Dish of the Week: Fig Bread at Buford Highway Farmers MarketThe $1 fig bread at Buford Highway Farmers Market is the latest way I’m getting my fill. Called pan de higo, it’s stuffed with chunks of dried Mission figs and the entire roll gets dusted in sugar. I made the mistake of buying only one loaf when I should have grabbed a dozen. Maybe my love affair with this ancient fruit isn’t my fault. Perhaps I was born with it.
Thanks to “Baby Driver,” moviegoers everywhere are now privy to what Atlantans have known for years: Bacchanalia is “the finest wining and dining of all the wines and dines in town.”It is the default special occasions destination in this city. A reservation at Bacchanalia begs for dressing up, for thinking twice about attire, all in anticipation of being transported to the sensuousness that comes with the good life. Are such artifices — on both sides — still required?
Where there’s smoke, there’s fire. And in the ring of competitive barbecue, no other woman is heating things up more than Melissa Cookston. Dubbed the “winningest woman in barbecue,” Cookston is at the top of her game. This year, she was inducted into the Barbecue Hall of Fame. She earned bragging rights once again as the World Whole Hog Champion at Memphis in May, her fifth such victory, adding to her accolade as the only person to have done so three years in a row (2010-2012).
Muck Rack makes it simple to find people, tweets, or articles that mention any name, keyword, company, hashtag etc. We've compiled this guide to help you make the most of your search.
Selecting a term
Start searching tweets, articles from media outlets, articles mentioned in tweets, journalists'
names, titles and bios with some suggested searches:
Companies or Topics (e.g. iPhone, Microsoft)
Phrases (e.g. "cloud computing") — use quotes to keep the terms together
Twitter handles (e.g. @username) — returns those who have mentioned or replied to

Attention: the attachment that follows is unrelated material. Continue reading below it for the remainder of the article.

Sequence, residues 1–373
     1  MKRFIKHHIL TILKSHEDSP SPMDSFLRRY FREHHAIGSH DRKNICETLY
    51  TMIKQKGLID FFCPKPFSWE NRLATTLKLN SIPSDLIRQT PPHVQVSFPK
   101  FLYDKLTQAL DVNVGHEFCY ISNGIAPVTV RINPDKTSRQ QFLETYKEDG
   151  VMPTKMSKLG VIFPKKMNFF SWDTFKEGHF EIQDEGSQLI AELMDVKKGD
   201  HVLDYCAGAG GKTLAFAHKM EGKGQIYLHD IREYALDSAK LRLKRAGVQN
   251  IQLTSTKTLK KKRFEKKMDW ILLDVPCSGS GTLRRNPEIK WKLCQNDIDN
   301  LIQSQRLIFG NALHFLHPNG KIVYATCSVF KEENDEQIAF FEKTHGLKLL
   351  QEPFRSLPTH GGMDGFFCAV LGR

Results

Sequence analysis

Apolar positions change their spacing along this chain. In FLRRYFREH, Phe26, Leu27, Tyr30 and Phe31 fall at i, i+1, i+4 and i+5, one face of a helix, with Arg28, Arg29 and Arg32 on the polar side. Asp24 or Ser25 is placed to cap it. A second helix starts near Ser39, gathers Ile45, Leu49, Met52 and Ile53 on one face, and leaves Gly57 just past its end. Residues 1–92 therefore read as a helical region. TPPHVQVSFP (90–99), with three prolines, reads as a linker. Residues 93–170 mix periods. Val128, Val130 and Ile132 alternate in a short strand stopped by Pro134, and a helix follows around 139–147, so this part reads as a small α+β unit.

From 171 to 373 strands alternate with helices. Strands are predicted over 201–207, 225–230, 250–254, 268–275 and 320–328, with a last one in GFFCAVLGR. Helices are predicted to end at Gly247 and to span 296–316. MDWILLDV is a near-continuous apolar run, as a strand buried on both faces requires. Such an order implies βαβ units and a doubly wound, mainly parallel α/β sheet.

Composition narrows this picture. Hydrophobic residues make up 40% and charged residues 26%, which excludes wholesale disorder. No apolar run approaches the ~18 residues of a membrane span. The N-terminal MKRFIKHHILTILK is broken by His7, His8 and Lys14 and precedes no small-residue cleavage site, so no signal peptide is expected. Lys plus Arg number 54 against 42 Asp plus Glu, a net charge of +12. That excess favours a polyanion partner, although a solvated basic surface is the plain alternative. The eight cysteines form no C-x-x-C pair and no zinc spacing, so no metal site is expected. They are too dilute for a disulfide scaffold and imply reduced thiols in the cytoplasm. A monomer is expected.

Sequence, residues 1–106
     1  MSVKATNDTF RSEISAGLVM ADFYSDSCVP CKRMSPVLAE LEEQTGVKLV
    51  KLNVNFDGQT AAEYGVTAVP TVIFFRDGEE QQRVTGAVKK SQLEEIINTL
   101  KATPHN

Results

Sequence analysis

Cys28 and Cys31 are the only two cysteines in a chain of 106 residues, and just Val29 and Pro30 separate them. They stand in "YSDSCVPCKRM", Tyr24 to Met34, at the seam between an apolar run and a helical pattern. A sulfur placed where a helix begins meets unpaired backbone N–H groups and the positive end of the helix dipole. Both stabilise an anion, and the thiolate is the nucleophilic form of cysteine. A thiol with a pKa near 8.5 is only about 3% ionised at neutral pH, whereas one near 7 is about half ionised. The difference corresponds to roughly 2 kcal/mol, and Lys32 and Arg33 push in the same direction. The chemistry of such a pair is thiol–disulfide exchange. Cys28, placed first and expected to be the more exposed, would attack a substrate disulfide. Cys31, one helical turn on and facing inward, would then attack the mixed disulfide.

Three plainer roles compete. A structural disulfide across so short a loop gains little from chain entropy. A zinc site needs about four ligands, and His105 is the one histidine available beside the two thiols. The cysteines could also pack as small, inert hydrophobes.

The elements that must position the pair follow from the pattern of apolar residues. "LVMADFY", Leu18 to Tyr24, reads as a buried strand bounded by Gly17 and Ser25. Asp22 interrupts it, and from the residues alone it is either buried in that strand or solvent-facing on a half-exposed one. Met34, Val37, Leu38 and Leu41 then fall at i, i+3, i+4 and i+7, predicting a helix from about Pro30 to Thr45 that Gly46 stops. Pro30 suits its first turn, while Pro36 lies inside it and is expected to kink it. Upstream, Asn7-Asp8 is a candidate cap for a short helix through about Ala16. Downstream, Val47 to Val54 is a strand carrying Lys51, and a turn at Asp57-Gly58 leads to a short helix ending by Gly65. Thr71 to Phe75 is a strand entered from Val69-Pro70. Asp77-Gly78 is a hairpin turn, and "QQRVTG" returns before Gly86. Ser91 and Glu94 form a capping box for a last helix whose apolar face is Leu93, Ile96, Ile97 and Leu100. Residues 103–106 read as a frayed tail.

Names (e.g. "David Pogue")
Hashtags (e.g. #sxsw, #london2012)
Bio details (e.g. vegan, Olympics, father)
Muck Rack's Advanced Search allows for many boolean operators.
Find results that mention multiple specified terms, use AND or
+. For example, ensure each result contains both Elon Musk and Mark Zuckerberg by
searching Obama AND Romney or Obama + Romney.
Use the operators OR or , to broaden your search when you'd like either of
multiple terms to appear in results. (This is the default behavior of our search when no operators
are used.) For example, search for democrat OR republican to find results that refer to
Democrats and/or Republicans.
Use NOT or - to subtract results from your search. For
example, searching Disney will yield results about the Walt Disney Company as well as Walt Disney
World Resort. To exclude mentions of Disney World, search for Disney -World or Disney
When using one of these operators with a phrase, enclose it in quotation marks. For example, you can
find results about smartphones excluding Apple's iPhone 4S by searching smartphone -"iPhone
Exact case matching or punctuation
If you're searching for a brand name or keyword that relies on specific punctuation marks or capitalization, you can
find results that match your exact query by adding matchcase: before the keyword you're searching for, like matchcase:E*TRADE .
Use parentheses to separate multiple
boolean phrases. For example, to find journalists talking about having fun in Disney World or
Disneyland, search for ("disney world" OR disneyland) AND fun.
An asterisk can be used to search for any variation of a root word truncated by the asterisk. For example, searching for admin* will return results for administrator, administration, administer, administered, etc.
A near operator is an AND operator where you can control the distance between the words. You can vary the distance the near operation uses by adding a forward slash and number (between 0-99) such as strawberries NEAR/10 "whipped cream", which means the strawberries must exist within 10 words of "whipped cream".